Toledo’s PET (Prevent, Educate, Training) Bull Project will be holding a free dog training clinic Saturday, May 19, from 2 to - p.m. at Navarre Park.
The East Side program is the first in a series of summer long programs meant to educate humans about their dogs and vice versa.
According to Cindy Reinsel, founder of the PET Bull Project, the group is offering several new programs as well as adding to the park training programs.
“Last year, we had 34 registered dogs at Navarre Park and we served 76 registered dogs throughout the four sessions we held at all of the parks,” Reinsel said. “This year, we are hoping to train more dogs and their humans. We are starting early this year so we can offer six sessions this season.”
The free dog training at Navarre is open to all dog breeds. It will include teaching leash walking skills, and how to get your dog to come when called. Other basic obedience skills include teaching a dog not to jump on people and how to sit and lay down on command.
A new agility training area will be available at the park programs, Reinsel said.
“This year, we are also going to have a van with leashes, toys, dog treats and dog collars at all of our events,” Reinsel said. “We have partnered with Humane Ohio so we may be able to give people a new and correct leash if they need one. We are trying to expand our programming and we will also have information on free and low cost spaying and neutering as well as offering free vaccines at some of the events.”
Trainers include John E. Brown, CPDT-KA, a Certified Professional Dog Trainer; Carol Humberger, trainer and owner of "A Promised Friend, LLC" dog training and sanctuary in Oregon; Jay Barman, owner and dog trainer for Bingo Dog Training, LLC, in Toledo; Joe Majchszak-ABCDT, an Animal Behavior College certified dog trainer and Heather Dixon, a dog trainer and vet tech who will also help with agility course training.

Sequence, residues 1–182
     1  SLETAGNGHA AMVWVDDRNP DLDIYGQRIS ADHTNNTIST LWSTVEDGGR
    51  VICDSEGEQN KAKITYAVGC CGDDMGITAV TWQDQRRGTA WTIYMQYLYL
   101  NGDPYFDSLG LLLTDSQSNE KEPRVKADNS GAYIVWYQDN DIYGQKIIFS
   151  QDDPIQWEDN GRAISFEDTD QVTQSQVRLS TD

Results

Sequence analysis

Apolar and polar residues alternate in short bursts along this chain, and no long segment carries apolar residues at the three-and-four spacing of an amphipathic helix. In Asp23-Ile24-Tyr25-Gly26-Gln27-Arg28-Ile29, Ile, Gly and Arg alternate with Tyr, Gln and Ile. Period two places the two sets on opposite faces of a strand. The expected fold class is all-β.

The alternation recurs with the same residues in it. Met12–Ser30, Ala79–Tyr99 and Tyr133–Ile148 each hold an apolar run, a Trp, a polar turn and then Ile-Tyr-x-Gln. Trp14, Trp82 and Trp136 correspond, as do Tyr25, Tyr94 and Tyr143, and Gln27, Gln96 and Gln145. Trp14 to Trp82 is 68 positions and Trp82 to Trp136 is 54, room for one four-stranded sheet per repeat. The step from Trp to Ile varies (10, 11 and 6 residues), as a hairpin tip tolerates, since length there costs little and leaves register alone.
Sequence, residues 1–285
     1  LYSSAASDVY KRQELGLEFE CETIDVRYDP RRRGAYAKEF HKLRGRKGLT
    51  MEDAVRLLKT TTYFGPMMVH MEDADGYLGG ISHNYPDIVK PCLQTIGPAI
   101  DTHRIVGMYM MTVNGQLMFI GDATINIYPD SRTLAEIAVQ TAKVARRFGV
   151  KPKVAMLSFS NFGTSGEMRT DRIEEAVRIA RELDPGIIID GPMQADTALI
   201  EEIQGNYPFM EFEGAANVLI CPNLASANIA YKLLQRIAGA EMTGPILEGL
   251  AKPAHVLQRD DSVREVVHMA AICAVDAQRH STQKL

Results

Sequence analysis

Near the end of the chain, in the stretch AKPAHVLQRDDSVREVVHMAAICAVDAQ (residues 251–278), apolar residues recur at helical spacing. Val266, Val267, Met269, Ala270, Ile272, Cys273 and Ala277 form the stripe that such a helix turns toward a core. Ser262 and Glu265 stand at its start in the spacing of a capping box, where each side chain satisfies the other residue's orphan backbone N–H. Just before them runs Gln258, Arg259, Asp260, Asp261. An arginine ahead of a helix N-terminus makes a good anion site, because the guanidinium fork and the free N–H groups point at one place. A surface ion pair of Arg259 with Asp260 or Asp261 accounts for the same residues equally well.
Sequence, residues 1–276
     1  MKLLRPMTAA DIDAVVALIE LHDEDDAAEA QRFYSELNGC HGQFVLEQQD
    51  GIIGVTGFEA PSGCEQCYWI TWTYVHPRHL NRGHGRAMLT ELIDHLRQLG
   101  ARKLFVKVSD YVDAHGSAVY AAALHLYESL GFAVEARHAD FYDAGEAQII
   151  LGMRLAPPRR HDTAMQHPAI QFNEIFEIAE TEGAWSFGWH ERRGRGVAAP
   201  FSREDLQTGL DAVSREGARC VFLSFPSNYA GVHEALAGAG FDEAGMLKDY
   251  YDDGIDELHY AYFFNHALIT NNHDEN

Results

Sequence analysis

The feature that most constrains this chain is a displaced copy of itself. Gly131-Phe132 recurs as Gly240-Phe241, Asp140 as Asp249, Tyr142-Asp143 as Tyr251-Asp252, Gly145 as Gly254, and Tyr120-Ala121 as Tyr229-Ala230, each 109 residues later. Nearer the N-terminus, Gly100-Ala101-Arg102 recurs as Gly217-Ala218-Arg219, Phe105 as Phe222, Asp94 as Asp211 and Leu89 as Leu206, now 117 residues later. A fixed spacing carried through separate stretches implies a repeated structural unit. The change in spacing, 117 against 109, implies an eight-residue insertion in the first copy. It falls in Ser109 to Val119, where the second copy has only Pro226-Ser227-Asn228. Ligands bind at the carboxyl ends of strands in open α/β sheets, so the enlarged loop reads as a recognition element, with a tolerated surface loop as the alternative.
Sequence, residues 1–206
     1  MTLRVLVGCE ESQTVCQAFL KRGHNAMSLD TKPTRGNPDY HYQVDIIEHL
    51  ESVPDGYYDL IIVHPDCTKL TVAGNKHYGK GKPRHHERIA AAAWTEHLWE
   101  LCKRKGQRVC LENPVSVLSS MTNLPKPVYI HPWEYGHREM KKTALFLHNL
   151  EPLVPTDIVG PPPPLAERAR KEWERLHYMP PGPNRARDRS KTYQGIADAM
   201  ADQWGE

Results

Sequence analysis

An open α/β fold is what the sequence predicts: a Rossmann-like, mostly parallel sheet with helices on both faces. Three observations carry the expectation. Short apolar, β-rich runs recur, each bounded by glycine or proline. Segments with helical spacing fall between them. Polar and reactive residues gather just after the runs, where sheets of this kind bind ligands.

Reinsel started the project because she wanted to teach youth to stop the dog fighting culture and to help everyone become better dog owners. Reinsel also wanted to get her favorite breed, the American Pit Bull Terrier, the chance it deserves.
Reinsel owns three dogs, a spaniel mix, Bailey, a bull terrier, Buster, and a blue pit bull, Bleu.
Although she is very happy that Ohio has changed its laws concerning pit bulls, she also cautions those who wish to run out and get a little “pit” for themselves to do their homework.
“I think a lot more people are bringing them (pit bulls) into their homes and making them a part of the family,” Reinsel said. “I think it is great that everyone wants one now, but, not everybody should get one. We want great homes for the dogs, not just houses where they will live.”
Reinsel added that no matter the breed that you may be considering, research.
“Research the breed and make sure it is right for you,” she said. “Find the dog that is best for you. Before you grab a pit bull, research and make sure it really is right for you.”
Other new programs offered by the PET Bull Project include the Pawsitive Youth Training Program, which will give teens the opportunity to come out and teach their dogs basic obedience and how to take them through an agility course.
The new Teacher's Pet classes will be offered to at-risk youth to train local, adoptable dogs.
For those wishing to attend the free dog training in the parks, Reinsel strongly encourages you to download the registration and liability forms from the group’s website www.toledospetbullproject.com, in order to make things run smoothly at the event.
For more information on programming and the dog training, visit the website, email Reinsel at
or call her at 419-697-4552.